Partly Sunny, Sixty something
The life of Tussilago
"the son before the father" Very early in the spring, coltsfoot develops flat orange flower heads, but only after they eventually wither do the broad, hoof-shaped, sea-green leaves develop. Since the flowers and leaves appear at different times, they are collected separately. Coltsfoot is found along brooks and in wet places and moist clayey soil along roadsides
The flowers should be gathered before they have fully bloomed (end of February to April) and dried carefully in the shade. The leavesare best collected between May and June. They should be chopped up before theyare dried and stored. The fresh leaves can be used until autumn.
Constituents: Coltsfoot contains flavonoids, about 8% mucilage (consisting of polysaccharides), 10% tannins, pyrrolizidine alkaloids, vitamin C, and zinc. There are useful levels of zinc in the leaves. This mineral has been shown to have marked anti-inflammatory effects. The pyrrolizidine alkaloids may have a toxic effect on the liver, but are largely destroyed when the parts are boiled to make a decoction. The polysaccharides are anti-inflammatory and immunostimulant. The flavonoids are anti-inflammatory and antispasmodic.
Doctrine of SIgnatures: Coltsfoot, the dried leaves and/or flower heads of Tussilago farfara L., is one of those plants whose botanical name reflects its medicinal application. Tussilago derives from the Latin tussis, meaning cough, and coltsfoot has long been used to treat that affliction.
Coltsfoot combines a soothing expectorant effect with an anti-spasmodic action. Coltsfoot may be used in chronic or acute bronchitis, irritating coughs, whooping coughs and asthma. Its soothing expectorant action gives Coltsfoot a role in most respiratory conditions, including the chronic states of emphysema. As a mild diuretic it has been used in cystitis. The fresh bruised leaves can be applied to boils, abscesses and suppurating ulcers.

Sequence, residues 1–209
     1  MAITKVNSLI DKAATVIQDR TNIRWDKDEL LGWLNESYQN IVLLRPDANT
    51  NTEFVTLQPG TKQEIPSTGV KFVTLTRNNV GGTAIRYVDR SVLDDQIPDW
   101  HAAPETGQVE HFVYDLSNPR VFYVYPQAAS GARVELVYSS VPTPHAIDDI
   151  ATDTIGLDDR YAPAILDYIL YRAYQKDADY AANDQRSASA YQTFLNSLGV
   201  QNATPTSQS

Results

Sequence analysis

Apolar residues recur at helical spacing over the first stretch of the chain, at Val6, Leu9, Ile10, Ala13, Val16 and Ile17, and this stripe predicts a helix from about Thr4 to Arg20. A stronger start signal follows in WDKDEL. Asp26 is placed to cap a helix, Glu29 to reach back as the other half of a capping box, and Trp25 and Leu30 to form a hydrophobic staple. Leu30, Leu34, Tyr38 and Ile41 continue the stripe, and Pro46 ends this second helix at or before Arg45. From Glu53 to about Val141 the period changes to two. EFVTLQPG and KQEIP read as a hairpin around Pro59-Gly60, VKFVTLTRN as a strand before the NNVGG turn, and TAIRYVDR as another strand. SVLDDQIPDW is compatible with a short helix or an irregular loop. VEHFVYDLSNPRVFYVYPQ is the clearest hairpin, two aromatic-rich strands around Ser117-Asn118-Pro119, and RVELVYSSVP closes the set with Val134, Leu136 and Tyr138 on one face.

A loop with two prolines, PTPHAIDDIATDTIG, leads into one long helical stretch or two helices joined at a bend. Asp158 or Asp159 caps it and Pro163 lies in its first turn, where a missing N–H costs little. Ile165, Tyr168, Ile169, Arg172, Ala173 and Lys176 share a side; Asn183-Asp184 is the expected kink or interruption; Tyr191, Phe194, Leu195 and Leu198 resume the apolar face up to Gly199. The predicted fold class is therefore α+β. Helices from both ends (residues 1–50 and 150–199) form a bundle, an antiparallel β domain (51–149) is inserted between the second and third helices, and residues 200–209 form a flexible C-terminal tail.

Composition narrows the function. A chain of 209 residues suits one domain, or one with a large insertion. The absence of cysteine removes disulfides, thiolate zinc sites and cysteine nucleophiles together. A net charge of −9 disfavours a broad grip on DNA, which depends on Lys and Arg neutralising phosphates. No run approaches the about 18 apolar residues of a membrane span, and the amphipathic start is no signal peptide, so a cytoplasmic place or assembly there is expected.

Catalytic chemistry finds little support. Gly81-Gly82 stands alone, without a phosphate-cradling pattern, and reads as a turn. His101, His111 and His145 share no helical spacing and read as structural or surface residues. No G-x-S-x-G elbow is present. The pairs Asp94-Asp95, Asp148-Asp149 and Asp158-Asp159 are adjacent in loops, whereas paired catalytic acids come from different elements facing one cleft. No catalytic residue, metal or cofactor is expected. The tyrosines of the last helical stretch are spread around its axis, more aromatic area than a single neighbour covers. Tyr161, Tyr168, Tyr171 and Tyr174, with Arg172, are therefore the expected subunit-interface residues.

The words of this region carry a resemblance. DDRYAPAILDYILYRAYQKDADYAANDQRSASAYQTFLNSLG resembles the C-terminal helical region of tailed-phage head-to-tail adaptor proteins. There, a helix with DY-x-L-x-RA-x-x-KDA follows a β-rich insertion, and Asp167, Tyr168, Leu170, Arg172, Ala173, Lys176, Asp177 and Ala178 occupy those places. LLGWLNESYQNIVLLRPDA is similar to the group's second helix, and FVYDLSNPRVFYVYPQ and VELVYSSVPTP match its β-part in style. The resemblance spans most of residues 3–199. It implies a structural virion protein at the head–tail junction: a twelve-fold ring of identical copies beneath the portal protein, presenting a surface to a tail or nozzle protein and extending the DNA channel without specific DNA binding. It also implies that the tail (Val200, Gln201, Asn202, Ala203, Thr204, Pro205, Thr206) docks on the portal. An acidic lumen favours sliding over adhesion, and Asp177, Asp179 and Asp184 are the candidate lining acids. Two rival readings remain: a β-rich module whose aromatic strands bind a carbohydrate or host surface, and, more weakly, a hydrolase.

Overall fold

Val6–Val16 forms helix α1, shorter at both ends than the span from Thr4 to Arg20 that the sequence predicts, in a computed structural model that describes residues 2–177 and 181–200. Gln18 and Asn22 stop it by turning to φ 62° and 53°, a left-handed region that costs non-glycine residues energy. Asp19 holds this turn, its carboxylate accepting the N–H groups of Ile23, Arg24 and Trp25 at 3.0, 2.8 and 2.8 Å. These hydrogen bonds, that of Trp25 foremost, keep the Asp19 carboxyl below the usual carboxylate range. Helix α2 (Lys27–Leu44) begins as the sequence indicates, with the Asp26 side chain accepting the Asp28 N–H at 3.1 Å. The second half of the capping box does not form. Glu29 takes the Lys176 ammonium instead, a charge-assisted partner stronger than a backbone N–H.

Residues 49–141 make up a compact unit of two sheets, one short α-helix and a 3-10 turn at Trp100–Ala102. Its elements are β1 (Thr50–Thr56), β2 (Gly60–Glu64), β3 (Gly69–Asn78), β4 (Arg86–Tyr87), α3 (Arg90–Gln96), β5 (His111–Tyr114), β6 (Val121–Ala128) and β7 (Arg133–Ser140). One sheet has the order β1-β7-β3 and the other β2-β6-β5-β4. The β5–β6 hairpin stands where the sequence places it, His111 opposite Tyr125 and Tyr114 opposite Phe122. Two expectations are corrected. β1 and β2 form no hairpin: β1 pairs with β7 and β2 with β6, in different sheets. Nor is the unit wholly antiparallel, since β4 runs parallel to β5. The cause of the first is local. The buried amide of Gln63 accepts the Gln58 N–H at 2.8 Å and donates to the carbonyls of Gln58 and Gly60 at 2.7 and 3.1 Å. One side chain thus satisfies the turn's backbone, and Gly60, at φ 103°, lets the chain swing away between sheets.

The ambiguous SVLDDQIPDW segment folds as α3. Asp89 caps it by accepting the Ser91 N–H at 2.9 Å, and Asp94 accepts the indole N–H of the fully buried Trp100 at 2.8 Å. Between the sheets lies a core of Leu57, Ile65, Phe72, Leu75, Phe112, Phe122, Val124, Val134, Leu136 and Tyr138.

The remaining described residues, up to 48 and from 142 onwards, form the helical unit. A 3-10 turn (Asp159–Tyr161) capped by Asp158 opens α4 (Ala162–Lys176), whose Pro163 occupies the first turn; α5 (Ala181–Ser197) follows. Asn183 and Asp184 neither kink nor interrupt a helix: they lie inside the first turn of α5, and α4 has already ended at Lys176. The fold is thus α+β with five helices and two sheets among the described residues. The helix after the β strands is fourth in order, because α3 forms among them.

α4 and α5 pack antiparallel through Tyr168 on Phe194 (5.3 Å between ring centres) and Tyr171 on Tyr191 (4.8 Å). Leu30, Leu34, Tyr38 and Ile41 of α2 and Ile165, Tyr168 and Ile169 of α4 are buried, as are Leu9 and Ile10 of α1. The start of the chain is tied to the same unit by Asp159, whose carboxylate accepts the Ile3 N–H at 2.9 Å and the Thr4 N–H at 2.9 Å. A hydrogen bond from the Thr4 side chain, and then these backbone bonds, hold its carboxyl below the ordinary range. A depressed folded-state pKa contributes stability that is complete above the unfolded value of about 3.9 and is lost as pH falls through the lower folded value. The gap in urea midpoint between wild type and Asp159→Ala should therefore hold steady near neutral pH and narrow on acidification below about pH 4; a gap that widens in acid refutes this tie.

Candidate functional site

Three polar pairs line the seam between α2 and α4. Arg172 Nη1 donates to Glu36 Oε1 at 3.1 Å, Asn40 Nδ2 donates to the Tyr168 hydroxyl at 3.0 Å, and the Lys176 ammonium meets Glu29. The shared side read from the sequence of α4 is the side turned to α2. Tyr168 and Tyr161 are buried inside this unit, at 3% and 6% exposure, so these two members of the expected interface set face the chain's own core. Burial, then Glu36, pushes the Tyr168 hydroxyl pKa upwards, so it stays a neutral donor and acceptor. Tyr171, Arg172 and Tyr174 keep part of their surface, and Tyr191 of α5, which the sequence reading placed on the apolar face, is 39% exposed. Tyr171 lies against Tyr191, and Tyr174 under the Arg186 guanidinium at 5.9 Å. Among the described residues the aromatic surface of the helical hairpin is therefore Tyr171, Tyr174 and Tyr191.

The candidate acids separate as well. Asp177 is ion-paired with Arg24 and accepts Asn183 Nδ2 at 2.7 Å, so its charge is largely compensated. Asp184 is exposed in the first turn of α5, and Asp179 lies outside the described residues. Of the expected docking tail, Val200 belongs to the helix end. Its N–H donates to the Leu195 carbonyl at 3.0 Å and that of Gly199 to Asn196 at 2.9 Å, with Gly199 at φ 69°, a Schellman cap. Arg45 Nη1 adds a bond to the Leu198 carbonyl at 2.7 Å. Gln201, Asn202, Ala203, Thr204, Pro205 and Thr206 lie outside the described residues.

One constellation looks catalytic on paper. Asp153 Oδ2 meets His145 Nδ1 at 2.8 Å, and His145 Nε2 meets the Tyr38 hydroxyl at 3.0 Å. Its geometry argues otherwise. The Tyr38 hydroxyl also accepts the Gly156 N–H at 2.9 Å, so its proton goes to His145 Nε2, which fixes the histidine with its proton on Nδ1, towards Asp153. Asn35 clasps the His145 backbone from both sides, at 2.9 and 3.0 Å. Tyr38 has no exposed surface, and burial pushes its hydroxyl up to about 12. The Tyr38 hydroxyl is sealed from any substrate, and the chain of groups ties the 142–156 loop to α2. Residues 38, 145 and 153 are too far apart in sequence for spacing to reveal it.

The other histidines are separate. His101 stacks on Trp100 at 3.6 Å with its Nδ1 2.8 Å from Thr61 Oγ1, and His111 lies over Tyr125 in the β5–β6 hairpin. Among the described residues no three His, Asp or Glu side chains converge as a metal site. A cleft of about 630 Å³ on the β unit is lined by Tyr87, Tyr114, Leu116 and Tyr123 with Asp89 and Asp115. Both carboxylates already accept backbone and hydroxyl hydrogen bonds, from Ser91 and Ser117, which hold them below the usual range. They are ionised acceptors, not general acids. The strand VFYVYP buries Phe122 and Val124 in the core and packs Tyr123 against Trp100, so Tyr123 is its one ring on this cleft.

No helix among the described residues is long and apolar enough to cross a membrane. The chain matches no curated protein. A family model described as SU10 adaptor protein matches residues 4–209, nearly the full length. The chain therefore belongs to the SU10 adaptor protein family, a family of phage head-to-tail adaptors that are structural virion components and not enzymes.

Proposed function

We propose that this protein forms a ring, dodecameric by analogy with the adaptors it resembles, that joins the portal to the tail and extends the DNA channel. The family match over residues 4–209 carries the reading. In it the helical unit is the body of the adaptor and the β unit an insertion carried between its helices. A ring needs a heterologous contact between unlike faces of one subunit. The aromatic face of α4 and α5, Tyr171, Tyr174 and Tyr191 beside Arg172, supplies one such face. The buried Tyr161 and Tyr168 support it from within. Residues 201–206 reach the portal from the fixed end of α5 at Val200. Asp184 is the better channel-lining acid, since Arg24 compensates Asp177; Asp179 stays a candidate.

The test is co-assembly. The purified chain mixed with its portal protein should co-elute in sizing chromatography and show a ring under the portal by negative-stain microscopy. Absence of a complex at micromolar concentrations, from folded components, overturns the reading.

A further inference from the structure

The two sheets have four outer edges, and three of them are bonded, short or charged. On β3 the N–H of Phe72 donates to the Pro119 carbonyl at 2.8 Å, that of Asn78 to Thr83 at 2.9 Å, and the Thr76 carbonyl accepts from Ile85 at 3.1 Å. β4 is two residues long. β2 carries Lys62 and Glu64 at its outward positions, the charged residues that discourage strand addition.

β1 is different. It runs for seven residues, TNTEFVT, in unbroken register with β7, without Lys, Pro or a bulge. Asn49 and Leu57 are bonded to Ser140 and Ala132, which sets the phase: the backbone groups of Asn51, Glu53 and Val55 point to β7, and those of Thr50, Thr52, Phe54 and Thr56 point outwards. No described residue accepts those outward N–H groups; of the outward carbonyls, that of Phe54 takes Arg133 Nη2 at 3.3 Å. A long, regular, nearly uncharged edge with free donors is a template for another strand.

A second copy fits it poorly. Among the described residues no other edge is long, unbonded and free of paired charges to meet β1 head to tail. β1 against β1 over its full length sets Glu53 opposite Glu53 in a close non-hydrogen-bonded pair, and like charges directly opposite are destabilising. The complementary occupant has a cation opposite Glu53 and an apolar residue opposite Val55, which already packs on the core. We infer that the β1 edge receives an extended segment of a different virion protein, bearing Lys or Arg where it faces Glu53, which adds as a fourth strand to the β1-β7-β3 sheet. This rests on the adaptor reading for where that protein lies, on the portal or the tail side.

A note regarding smoking of this plant: Since the principal active ingredient in the plant is a throat-soothing mucilage, smoking coltsfoot is not rational therapy. The mucilage would be destroyed by burning, and the effect of smoke on already irritated mucous membranes would be increased irritation. Inhaling the vapors from coltsfoot leaves placed in a pan of simmering water s again without value. The useful mucilage is not volatile and would not reach the affected tissues.
It combines well with licorice, thyme, and black cherry. In China, coltsfoot is classified as a "warming" herb that helps relieve coughing and wheezing.
Over the years, coltsfoot has been a very popular folk remedy for coughs and bronchial congestion. As early as the first century, coltsfoot was recommneded for dry coughs and for breathing problems by the Greek doctor Dioscorides. However a study carried out in Japan revealed that the hepatotoxic (poisonous to the liver) pyrrolizidine alkaloid senkirkine to be present in relatively small amounts (0.015 percent). Continued or prolonged exposure to these pyrrolizidine alkaloids may have a cumulative effect. For some time it was hoped that the rest of the plant might be devoid of pyrrolizidine alkaloids. However, a subsequent investigation of coltsfoot leaves showed senkirkine to be present in them as well.
Here are some safety considerations:
-Coltsfoot flowers should not be used.
-The herb should not be taken by pregnant or breast-feeding women.
-It should not be given to children under age 6.
-Some countries have legal restrictions regarding coltsfoot availablity and usage. The USDA classifies coltsfoot as an herb of "unknown safety" due to the pyrrolizidine alkaloids. The amount of these alkaloids is extremely small, though, and the beneficial effects are generally believed to outweigh the risk.
-It is recommended that coltsfoot tea or syrup not be used for more than 4-6 weeks at a time.
If readers prefer to try alternative very safe herbal demulcent (soothing agent), try slippery elm bark or marshmallow root